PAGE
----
That doesn't matter, though, for the simple reason that accreditation standards don't determine what an adcom can and will do in a practical setting. The simple fact is this: They are the deciders. They will decide. I'm fine with that. This is just an innocent theoretical discussion.

    Unless you're a sadist, of course.
     
  28. jpdaman11

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  29. BerkReviewTeach

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    You owe me wetnap for that, because I used one to clean up my computer area after inadvertently launching a food nodule because I laughed so hard.
     
    #28 BerkReviewTeach, Aug 11, 2015
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  30. StudyLater

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    Welcome to SDN. :welcome:
     
  31. jpdaman11

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    Which humanities course would better assist me, Biological or Cultural?
     
  32. jpdaman11

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    Looks like Anthro and English aren't available, but Linguistics is, and the professor has an amazing rating. Students who took it say it was easy with minimal course load. I just want to make sure it actually assists me for the MCAT.
     
  33. El-Rami

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    You guys mentioned that a lot of people take the MCAT between their sophomore and junior years or the summer before starting their senior year. I literally don't know anyone that has done this and actually gotten in. All of my classmates who applied did so after their senior year. I understand the whole idea of taking the pre-requisite courses for the MCAT and then taking it, but I believe it's always better to take the MCAT after taking upper-level courses and doing research. That kind of background will better prepare you than the basic pre-reqs ever will because it'll enable you to think more in terms of research.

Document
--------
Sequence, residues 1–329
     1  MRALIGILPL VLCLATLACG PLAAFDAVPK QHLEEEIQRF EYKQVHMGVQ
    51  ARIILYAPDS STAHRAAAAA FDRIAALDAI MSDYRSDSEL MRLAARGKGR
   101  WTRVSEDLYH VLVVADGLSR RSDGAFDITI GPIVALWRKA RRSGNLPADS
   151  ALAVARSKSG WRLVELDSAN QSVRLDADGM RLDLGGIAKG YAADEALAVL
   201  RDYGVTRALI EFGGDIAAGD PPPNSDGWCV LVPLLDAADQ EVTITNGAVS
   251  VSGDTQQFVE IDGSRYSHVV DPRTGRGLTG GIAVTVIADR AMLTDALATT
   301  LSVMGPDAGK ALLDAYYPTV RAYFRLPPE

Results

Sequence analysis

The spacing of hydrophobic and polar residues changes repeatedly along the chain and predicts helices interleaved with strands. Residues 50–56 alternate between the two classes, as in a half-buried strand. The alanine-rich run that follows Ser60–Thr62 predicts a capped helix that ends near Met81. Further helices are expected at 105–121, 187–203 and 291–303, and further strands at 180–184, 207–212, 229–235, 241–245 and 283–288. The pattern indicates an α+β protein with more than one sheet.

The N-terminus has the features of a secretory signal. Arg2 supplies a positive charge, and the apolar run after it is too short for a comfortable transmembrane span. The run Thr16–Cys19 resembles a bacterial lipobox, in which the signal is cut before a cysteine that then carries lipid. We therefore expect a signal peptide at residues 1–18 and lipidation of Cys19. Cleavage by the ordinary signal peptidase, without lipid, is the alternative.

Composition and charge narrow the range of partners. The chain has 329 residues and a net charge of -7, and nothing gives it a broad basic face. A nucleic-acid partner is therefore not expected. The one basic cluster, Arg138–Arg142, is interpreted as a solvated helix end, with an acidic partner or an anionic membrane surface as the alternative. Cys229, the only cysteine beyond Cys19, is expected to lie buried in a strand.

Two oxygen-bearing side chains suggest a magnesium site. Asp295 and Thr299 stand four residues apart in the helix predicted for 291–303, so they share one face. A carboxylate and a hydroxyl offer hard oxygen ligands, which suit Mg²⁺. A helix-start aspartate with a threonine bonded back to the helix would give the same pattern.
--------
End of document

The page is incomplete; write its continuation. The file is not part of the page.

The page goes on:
34. jpdaman11

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    However, if I apply after senior year, don't I have to wait an entire year before I can go to medical school? If that's the case, aren't med schools going to see if I did anything productive during that gap year?
     
  35. bee17

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    Are you talking about biological anthropology vs. cultural anthropology? For the MCAT, cultural would help more; you will learn biology in your bio classes.

    I don't see how linguistics will help you much for the MCAT, but if the prof is good and it interests you, go ahead and take it. Most of your MCAT prep will be done outside of your classes, anyway.

    You would have to wait a year, but as long as you are doing something other than sitting on your couch for that year, it's totally fine. You could use that year to work, volunteer, or do research (or all three). It is very common for med school applicants to take gap years for a variety of reasons. That being said, if you feel ready to take your MCAT after junior year and are not interested in a gap year, go right ahead. Do whatever works best for your situation.
     
  36. El-Rami

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    They will. As long as you keep yourself busy, they don't mind. People take gap years for lots of reasons (internships, work, volunteerism, etc.) so it should be understandable if someone wants to earn extra money that can be saved up for medical school-related expenses or just to see more of the world and mature as an individual.